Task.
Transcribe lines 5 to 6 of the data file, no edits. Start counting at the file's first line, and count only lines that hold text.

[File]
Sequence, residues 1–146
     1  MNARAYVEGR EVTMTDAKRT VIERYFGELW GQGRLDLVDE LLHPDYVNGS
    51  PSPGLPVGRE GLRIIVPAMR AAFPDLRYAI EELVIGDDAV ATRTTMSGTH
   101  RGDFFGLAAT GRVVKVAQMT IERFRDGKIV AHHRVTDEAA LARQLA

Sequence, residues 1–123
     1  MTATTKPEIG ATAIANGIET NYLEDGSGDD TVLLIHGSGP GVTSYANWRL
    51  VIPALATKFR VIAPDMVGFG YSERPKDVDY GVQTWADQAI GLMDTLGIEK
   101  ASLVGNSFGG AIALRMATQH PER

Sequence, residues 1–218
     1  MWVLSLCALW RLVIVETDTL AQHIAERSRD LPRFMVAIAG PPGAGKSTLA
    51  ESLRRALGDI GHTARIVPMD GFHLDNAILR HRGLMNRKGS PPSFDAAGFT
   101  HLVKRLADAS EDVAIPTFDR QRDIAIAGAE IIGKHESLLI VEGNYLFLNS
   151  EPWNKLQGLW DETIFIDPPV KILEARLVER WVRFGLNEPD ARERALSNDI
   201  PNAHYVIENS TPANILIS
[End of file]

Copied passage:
Sequence, residues 1–123
     1  MTATTKPEIG ATAIANGIET NYLEDGSGDD TVLLIHGSGP GVTSYANWRL